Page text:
Journal of Behavioral Medicine

, Volume 42, Issue 3, pp 461–468 | Cite as

Current pain severity and electronic cigarettes: an initial empirical investigation

  • Michael J. ZvolenskyEmail author
  • Lorra Garey
  • Nubia A. Mayorga
  • Andrew H. Rogers
  • Michael F. Orr
  • Joseph W. Ditre
  • Natalia Peraza


The present study examined past-month pain severity in relation to e-cigarette dependence, perceived barriers for quitting e-cigarettes, and beliefs about risks associated with using e-cigarettes. Participants were 322 e-cigarette users from the United States (60.2% female, Mage= 36.78 years, SD = 10.62). Results indicated that pain severity was significantly and positively related to e-cigarette dependence, perceived risks of e-cigarette use, and perceived barriers to quitting e-cigarettes. The observed effects were evident above and beyond the variance accounted for by sex, age, education, income, dual cigarette use, frequency of e-cigarette use, and perceived health status. The present study provides novel empirical evidence that pain experience is related to a moderate, yet clinically-meaningful, proportion of the variance in e-cigarette dependence, perceived barriers for quitting e-cigarettes, and beliefs about e-cigarette risks. These findings suggest there is merit to exploring the role of pan experience in the onset and maintenance of e-cigarette use.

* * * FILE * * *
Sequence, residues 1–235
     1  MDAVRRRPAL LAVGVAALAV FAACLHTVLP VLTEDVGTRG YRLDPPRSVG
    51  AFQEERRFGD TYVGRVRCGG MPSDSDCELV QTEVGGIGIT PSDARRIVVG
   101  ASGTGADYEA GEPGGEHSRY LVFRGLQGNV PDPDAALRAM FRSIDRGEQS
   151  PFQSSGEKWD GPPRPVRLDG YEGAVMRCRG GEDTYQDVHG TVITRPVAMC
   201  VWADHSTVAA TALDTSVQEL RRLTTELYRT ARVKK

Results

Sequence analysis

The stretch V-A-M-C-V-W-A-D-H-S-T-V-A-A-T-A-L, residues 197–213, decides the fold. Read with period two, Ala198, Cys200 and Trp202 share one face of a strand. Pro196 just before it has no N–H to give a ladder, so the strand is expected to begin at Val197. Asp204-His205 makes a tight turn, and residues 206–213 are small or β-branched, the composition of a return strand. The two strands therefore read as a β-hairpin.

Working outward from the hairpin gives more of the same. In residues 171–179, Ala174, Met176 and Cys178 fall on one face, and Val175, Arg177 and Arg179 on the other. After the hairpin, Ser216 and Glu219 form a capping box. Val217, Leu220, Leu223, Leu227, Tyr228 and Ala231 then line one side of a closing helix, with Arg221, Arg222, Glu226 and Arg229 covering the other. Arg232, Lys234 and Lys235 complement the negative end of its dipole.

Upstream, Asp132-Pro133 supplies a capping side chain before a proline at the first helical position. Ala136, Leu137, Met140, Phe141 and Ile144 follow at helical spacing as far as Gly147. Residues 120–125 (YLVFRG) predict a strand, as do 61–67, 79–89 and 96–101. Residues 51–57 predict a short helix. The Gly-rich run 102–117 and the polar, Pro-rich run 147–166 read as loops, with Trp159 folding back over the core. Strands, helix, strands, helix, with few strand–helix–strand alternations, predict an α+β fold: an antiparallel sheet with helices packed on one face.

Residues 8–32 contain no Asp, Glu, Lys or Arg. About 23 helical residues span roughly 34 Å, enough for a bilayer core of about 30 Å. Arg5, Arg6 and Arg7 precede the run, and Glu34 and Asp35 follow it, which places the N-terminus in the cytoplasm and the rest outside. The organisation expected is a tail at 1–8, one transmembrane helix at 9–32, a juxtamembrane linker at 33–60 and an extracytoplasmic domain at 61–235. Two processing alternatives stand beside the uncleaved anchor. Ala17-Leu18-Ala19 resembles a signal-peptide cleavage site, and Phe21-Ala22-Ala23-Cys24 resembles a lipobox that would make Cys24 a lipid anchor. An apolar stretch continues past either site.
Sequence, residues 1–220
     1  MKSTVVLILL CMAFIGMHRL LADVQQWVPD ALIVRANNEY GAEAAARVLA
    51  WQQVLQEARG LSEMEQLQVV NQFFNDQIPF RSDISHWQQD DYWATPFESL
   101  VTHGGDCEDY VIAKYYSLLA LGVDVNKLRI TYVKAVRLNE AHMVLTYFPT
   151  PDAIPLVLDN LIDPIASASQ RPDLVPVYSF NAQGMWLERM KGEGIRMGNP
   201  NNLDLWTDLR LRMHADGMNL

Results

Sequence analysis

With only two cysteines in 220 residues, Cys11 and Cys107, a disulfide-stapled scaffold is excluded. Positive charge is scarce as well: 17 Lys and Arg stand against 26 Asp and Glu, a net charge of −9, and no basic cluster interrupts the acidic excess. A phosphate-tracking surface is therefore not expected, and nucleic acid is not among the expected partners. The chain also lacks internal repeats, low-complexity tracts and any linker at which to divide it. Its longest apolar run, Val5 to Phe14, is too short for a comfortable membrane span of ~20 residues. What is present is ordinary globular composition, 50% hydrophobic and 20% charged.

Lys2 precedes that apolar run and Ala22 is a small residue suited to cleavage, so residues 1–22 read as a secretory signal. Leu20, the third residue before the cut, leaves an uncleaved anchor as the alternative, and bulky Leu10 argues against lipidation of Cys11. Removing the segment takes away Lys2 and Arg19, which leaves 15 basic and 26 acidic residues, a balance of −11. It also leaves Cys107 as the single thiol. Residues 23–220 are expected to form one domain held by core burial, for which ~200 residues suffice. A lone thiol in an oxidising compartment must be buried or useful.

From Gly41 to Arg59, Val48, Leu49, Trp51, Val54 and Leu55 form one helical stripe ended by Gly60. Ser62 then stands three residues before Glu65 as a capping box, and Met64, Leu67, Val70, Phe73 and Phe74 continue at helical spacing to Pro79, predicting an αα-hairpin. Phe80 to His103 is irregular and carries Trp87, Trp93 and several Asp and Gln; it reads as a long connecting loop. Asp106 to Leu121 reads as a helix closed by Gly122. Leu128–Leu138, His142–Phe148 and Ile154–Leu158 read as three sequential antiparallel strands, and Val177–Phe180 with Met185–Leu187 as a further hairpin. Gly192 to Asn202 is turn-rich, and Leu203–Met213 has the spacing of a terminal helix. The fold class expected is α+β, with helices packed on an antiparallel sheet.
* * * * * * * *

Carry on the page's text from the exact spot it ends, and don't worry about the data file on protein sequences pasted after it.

Electronic cigarette Tobacco Pain Pain severity Dependence Beliefs 



This study was not supported by any grant funding.

Compliance with ethical standards

Conflict of interest

Michael J. Zvolensky, Lorra Garey, Nubia A. Mayorga, Andrew H. Rogers, Michael F. Orr, Joseph W. Ditre, and Natalia Peraza declare that they have no conflict of interest.

Human and animal rights and Informed consent

All procedures performed in studies involving human participants were in accordance with the ethical standards of the institutional and/or national research committee and with the 1964 Helsinki declaration and its later amendments or comparable ethical standards. Informed consent was obtained from all individual participants included in the study.


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Copyright information

© Springer Science+Business Media, LLC, part of Springer Nature 2018

Authors and Affiliations

  • Michael J. Zvolensky
    • 1
    • 2
    • 3
    Email author
  • Lorra Garey
    • 1
  • Nubia A. Mayorga
    • 1
  • Andrew H. Rogers
    • 1
  • Michael F. Orr
    • 1
  • Joseph W. Ditre
    • 4
  • Natalia Peraza
    • 1
  1. 1.Department of PsychologyUniversity of HoustonHoustonUSA
  2. 2.Department of Behavioral ScienceThe University of Texas MD Anderson Cancer CenterHoustonUSA
  3. 3.HEALTH InstituteUniversity of HoustonHoustonUSA
  4. 4.Department of PsychologySyracuse UniversitySyracuseUSA

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